Interim results from the phase lll CheckMate 649 trial presented at the 2020 European Society of Medical Oncology (ESMO) Virtual Congress revealed that first-line treatment of patients with non-HER-2-positive gastric cancer (GC), gastroesophageal junction (GEJC), and esophageal adenocarcinoma cancers (EAC) with nivolumab plus chemotherapy prolonged progression-free survival (PFS) and overall survival (OS) compared with chemotherapy alone. All patients in the study had adenocarcinoma histology. 

In the international phase lll trial, researchers randomly assigned 1,581 patients with unresectable advanced or metastatic GC, GEJC, or EAC to receive nivolumab plus chemotherapy, nivolumab plus ipilimumab, or chemotherapy alone. Chemotherapy was either oxaliplatin plus capecitabine (51.5%) or leucovorin, 5-flurouracil, and oxaliplatin (48.5%). 

The coprimary endpoints were OS and PFS among patients with PD-L1 tumor expression of combined positive score (CPS) of 5 or higher. Secondary endpoints included objective response rate (ORR), OS, and PFS in all randomized patients. The median patient age at baseline was 63 years, and 71% of patients were male. Almost one-quarter of patients were Asian. Most tumors were GC (70%), followed by GEJC (18%) and EAC (13%). The majority of patients had metastatic disease (96%), and a few patients had tumors with high microsatellite instability (4%). The present interim evaluation was for the nivolumab-plus-chemotherapy and chemotherapy-alone groups. 

Among trial patients with a PD-L1 CPS of 5 or higher, the ORR was considerably greater in the nivolumab-plus-chemotherapy group at 60% compared with 45% with chemotherapy, with a duration of response of 9.5 and 7.0 months, respectively. Additionally, nivolumab plus chemotherapy substantially prolonged survival, with a median OS of 14.4 months compared with 11.1 months with chemotherapy alone (hazard ratio [HR], 0.71; 98.4% CI, 0.59-0.86; P <.0001) among patients with a PD-L1 CPS of 5 or more. This benefit was consistent among patients with a PD-L1 CPS of 1 or higher (HR, 0.77; 99.3% CI, 0.64-0.92; P =.0001) and all randomized patients (HR, 0.80; 99.3% CI, 0.68-0.94; P =.0002).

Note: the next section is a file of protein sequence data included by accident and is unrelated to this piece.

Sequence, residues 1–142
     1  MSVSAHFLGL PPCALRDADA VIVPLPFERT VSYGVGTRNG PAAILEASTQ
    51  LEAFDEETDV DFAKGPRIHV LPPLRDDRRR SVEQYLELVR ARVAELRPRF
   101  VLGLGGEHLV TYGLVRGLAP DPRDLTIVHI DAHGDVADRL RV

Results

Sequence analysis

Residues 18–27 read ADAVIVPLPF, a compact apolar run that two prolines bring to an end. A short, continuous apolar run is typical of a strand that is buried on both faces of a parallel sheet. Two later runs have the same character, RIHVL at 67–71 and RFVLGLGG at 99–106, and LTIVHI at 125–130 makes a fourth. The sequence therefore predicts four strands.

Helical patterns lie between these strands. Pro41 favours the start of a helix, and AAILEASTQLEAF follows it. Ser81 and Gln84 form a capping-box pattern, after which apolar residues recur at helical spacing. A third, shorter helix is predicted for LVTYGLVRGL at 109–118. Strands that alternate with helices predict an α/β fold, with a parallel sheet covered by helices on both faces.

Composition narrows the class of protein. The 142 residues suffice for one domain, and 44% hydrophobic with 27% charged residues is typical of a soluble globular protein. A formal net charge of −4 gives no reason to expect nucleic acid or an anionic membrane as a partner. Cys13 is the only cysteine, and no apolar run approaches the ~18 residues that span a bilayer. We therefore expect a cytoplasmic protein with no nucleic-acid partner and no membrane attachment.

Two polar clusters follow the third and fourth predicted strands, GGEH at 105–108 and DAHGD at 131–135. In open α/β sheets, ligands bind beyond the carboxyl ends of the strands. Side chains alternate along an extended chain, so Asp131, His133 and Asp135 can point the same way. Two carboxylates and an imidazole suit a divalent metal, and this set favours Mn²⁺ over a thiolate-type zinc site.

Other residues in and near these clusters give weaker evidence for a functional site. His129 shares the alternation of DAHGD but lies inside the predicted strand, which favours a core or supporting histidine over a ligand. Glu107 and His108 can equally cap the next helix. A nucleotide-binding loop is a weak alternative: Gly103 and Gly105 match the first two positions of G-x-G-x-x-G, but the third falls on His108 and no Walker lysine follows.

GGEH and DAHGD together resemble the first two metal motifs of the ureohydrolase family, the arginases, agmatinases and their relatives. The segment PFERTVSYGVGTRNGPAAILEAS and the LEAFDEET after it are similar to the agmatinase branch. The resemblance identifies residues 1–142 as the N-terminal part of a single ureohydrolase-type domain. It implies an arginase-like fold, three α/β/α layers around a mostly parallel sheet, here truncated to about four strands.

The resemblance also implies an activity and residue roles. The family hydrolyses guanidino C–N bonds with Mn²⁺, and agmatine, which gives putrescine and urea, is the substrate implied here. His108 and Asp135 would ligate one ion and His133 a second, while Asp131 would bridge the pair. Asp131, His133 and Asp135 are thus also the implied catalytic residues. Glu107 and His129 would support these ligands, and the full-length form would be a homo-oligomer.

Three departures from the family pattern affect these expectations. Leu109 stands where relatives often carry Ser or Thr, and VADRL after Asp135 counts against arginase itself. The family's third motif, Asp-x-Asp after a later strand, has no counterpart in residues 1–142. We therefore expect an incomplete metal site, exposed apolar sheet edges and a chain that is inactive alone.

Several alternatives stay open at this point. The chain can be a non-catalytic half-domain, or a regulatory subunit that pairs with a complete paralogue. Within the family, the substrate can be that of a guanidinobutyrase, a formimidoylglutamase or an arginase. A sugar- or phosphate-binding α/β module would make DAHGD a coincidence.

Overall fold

Nivolumab plus chemotherapy also enhanced PFS, with an average of 7.7 months compared with 6 months with chemotherapy alone (HR, 0.68; 98.0% CI, 0.56-0.81; P <.0001) among patients with a PD-L1 CPS of at least 5. Nivolumab-plus-chemotherapy treatment also improved PFS among patients with a PD-L1 CPS of 1 or higher (HR, 0.74; 95% CI, 0.65-0.85) and all randomized patients (HR, 0.77; 95% CI, 0.68-0.87). Additionally, OS supported nivolumab plus chemotherapy over chemotherapy alone across all subgroups.

Grade 3 to 4 treatment-related adverse events occurred in 59% of patients in the nivolumab-plus-chemotherapy arm and 44% of patients in the chemotherapy arm, which led to treatment terminations among 36% and 24% of patients, respectively. The researchers concluded that nivolumab is the first PD-1 inhibitor to demonstrate superior OS and PFS with a manageable safety profile in combination with chemotherapy versus chemotherapy alone in previously untreated patients with advanced GC, GEJC, or EAC. 

Nivolumab plus chemotherapy represents a potential new standard first-line treatment option for this patient population.

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